Unicode literals and GCC

Meet my Chinese friend, yuè: 龠

Can you see him, or do you just see a funny box or question mark? You should be seeing a small version of this neat little fella on the right if you have the right fonts etc installed.

Yuè is my Unicode/UTF guinea pig. He is “U+9FA0” in UTF-16 and in UTF-8 he is E0 BE A0.

I can’t get him to print :(

Well, I can get him to print, but not when I want and need to. The following little bit of code works fine:

printf(“Meet yuè: 龠.\n”) ;
printf(“And I can print him this way too: \xe9\xbe\xa0.\n”) ;

But that’s because they’re both embedding the 3-byte UTF-8 character sequence. The following do not work:

wprintf(L”Meet yuè: 龠.\n”) ;
wprintf(L”And I can print him this way too: \xe9\xbe\xa0.\n”) ;

Ok, I can understand why they don’t work, the 3-byte character sequence is being treated as 3 separate wide characters.

So how do you hardcode Unicode literals? The following doesn’t work either:

wchar_t a = L’龠’, b = L’\u9fa0′, c = L’\x9fa0′, d = L’\xe9bea0′ ;

wprintf(L”a = %lc or %c”, a, a) ; wprintf(L”\n”) ;
wprintf(L”b = %lc or %c”, b, b) ; wprintf(L”\n”) ;
wprintf(L”c = %lc or %c”, c, c) ; wprintf(L”\n”) ;
wprintf(L”d = %lc or %c”, d, d) ; wprintf(L”\n”) ;

Or the simple “wchar_t x = 0x9fa0”.

A little experimentation reveals that L’龠’ stores the UTF-16 value (0x9FA0). This is good… If I could figure out how the hell to wprint that and produce 龠.

The reason for all this … Chinese game names will be limited to the roman alphabet, numerals and the characters defined in GB2312. This allows me to compress each character down to either 6 or 14 bits, allowing 4 Chinese characters plus one roman, 10 roman characters – or some mix thereof – in the 64-bit storage we have available.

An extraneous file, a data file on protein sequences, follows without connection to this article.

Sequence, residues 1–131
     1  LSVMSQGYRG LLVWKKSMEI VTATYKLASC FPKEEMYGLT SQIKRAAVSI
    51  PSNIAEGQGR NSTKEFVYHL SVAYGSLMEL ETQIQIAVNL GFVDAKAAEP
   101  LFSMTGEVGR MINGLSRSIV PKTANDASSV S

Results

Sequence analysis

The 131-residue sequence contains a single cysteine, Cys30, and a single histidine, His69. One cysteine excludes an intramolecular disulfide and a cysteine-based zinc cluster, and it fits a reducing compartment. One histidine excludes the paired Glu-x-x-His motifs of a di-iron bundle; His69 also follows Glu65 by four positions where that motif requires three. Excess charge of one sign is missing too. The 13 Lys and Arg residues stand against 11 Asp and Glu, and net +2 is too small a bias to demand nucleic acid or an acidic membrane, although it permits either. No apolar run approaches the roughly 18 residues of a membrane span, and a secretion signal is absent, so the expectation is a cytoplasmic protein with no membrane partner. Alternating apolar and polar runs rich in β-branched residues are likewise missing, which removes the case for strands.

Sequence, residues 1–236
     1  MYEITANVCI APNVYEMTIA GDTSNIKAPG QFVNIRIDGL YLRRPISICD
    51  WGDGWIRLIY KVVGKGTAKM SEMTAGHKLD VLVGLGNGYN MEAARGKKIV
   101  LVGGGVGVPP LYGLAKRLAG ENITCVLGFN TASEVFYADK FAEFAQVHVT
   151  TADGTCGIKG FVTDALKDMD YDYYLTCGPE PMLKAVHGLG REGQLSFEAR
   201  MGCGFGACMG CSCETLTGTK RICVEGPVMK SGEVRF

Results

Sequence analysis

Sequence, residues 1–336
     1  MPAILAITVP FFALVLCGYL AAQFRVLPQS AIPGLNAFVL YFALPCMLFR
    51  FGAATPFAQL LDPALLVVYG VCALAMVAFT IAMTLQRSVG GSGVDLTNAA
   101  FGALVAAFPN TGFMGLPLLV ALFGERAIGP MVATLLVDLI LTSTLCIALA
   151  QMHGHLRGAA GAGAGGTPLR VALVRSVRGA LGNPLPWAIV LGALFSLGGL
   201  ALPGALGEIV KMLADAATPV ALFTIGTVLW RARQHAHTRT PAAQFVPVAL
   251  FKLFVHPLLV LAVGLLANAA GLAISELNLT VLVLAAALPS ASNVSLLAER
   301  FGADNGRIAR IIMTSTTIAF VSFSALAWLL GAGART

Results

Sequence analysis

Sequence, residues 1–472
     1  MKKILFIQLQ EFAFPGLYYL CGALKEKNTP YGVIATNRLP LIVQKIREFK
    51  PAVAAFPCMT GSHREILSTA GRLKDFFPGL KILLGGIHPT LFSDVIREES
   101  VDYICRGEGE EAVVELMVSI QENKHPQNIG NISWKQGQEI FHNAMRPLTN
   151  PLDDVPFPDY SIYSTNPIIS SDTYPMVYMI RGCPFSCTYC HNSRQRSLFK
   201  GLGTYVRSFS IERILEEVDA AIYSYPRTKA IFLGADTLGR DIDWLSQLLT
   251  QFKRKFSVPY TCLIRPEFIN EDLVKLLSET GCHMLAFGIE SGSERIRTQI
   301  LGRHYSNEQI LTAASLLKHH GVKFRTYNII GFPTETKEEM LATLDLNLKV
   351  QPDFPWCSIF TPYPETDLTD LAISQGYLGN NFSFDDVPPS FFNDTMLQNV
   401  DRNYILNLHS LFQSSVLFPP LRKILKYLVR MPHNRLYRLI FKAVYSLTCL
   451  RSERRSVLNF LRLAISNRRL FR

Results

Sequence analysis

The fact that I can’t wprint L’龠’ means I’m going to have to figure out how to switch between the two sets of encodings.


Firefox 2 on XP, fairly vanilla, and Yue’s glyph display’s fine, both in the body of the blog post and in lines 01 & 06 of the first code chunk and line 01 of the 2nd chunk.

same with Firefox 3. Can see everything just fine.

I’m running into issues doing something similar.

Actually getting the UTF-8 characters saved to the database. I think it might be client encoding options that are sticking me. Since it isn’t urgent. I haven’t fully dug into my issue.

I see a little chinese house lookin dealy yuè:
Vista builders copy runnin IE.

Humm he don’t copy paste back on this page will paste to notepad. 龠
And now he did…I think

Looks fine to me, Vista 32 bidnez and IE.

Have you tried the same thing on different compilers and systems? Unicode support is far from universal…

Also, this newsgroup thread should help shed some light on things (or confuse them further):


Thanks for al the responses as to being able to see our friend Yuè, I wasn’t too worried though :)

Different results on Windows, of course, where it works as you would expect. I’ve complimented MS/Windows/Visual Studio on their handling of Unicode and UTF-8: it’s only to be expected that the Open Source solution is … probably academically correct regardless of how totally impractical that is in every day use.

But the host doesn’t run on Windows, and the Mac uses GCC to compile, so I need to find solutions for them.

The fgetwc/fputwc/fwide/wprintf/fwprintf/wctomb/mbtowc/etc. family of functions indeed doesn’t seem to contain a way to specify anything about the byte encoding. How useless.

What’s bizzare is that they only seem to be useful for printing ASCII characters. I’m clearly not understanding how to express Unicode characters in a wchar_t* string.

We already have conversion routines in our UI-layer so I just need to export that so I can share it with the host, I think.

Works fine on Safari running on Vista 64.

I assume you are coding in C. You have to add the following code to your program and set LC_LANG to an appropriate encoding (e.g. en_GB.UTF-8):

setlocale(LC_CTYPE, “”);

Ah – yeah, that makes it work. Cool.

kfsone, can you post the full working code please. I am stuck with a similar problem and would love to see a working solution. Ta!

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